J Syst Evol ›› 2005, Vol. 43 ›› Issue (5): 403-419.
• Research Articles •
TANG Yan‐Cheng, LU An‐Ming
In this essay, three currently hotly debated issues in biological systematics, i.e., the paraphyletic group, the PhyloCode, and the phylogenetic species concept, have been briefly reviewed. (1) It is widely acknowledged that cladistics has made some positive contributions to the study of systematics. In particular, the employment of outgroup analysis for assessing character polarities, the application of synapomorphies to the inference of relationships between taxa, and the use of cladistic methods for reconstructing phylogeny, have all greatly facilitated the improvement of systematic approaches. A fatal flaw in cladistics is its refusal to accept paraphyletic groups. Frankly, we are adherents and practitioners of phyletics, and hence consider paraphyletic groups to be acceptable. For example, an AFLP analysis has shown that Zabelia (Caprifoliaceae) can be included in Abelia, but the members in Zabelia differ from those in Abelia not only in pollen morphology, but also in having persistent petioles dilated and connate at base, thus enclosing axillary buds, characters of adaptive significance obtained possibly when Zabelia members entered a new ecological niche, so we consider that they are better treated as two independent genera, though indeed such a treatment makes Abelia paraphyletic. (2) Some cladists pointed out that as the tool for communication and the system for information storage and retrieval, biological nomenclature is required to be unambiguous, unique and stable. They criticise the Linnaean rank-based system of nomenclature for failing to satisfy such requirements for the naming of clades and species. To address this problem, the PhyloCode is proposed in recent years, in which three definitions for clade naming are given, i.e., the node-based, the stem-based, and the apomorphy-based. We are of the opinion that since the Linnaean binominal system of botanical nomenclature has existed for nearly 250 years, the rejection of this system and the adoption of the PhyloCode would create a state of chaos in botanical nomenclature. This does not mean that there exist no merits in the proposals made by the PhyloCode supporters. We suggest that further studies should be conducted for its practical application. (3) It has been well known that there are many problems with the application of the biological species concept in plants, and thus at the present time the majority of plant systematists actually seldom use this concept in their practical work. The rapid development of cladistic approach has motivated the proposal of the phylogenetic species concept. This species concept is established based on three criteria, i.e., the autamorphy, the diagnosability and the basal exclusivity, hence the autamorphy species concept, the diagnosability species concept, and the genealogical concept are created respectively. Nevertheless, the morpho-geographical species concept is still predominantly adopted in plant systematics. When using this species concept, however, we should also take into account the data from other sources, particularly those from pollination biology, breeding system and molecular systematics.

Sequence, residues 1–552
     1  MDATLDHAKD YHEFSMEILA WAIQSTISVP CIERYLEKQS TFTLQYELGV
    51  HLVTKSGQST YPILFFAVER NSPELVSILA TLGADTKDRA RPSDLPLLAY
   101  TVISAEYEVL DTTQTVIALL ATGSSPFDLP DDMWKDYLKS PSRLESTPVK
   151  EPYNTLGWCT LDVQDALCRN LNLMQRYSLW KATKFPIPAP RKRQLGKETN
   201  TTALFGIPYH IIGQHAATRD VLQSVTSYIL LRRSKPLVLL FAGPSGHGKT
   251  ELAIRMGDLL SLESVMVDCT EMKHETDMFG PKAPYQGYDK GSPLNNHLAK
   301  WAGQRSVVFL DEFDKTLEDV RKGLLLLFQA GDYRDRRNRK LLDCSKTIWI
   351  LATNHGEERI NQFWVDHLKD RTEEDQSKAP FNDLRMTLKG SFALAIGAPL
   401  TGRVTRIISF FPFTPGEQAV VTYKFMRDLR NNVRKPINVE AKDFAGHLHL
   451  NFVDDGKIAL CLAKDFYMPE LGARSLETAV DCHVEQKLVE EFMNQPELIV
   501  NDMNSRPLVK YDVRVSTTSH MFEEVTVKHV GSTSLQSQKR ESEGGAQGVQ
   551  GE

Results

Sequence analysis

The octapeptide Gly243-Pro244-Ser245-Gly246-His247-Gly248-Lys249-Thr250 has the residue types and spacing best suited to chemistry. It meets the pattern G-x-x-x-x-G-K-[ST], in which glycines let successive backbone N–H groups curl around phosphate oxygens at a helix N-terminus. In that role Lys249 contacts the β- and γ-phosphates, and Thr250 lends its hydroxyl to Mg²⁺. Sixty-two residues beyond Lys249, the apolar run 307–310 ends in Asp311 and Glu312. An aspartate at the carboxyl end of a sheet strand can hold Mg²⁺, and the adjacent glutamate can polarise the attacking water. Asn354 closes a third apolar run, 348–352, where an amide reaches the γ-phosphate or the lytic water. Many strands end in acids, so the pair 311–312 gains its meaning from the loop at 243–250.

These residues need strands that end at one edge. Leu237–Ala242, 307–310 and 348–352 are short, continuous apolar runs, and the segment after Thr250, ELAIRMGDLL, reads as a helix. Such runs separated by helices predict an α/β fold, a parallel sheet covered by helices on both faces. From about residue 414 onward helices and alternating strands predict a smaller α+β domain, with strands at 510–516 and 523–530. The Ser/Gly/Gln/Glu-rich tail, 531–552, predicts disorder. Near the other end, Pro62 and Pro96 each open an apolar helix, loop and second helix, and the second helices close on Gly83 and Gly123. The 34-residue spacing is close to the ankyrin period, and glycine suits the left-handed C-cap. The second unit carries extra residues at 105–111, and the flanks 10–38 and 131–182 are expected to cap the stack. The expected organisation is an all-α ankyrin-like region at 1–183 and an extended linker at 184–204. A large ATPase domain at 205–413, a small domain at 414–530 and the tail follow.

phylogenetic species concept.
TANG Yan‐Cheng, LU An‐Ming. Paraphyletic group, PhyloCode and phylogenetic species—the current debate and a preliminary commentary[J]. J Syst Evol, 2005, 43(5): 403-419.
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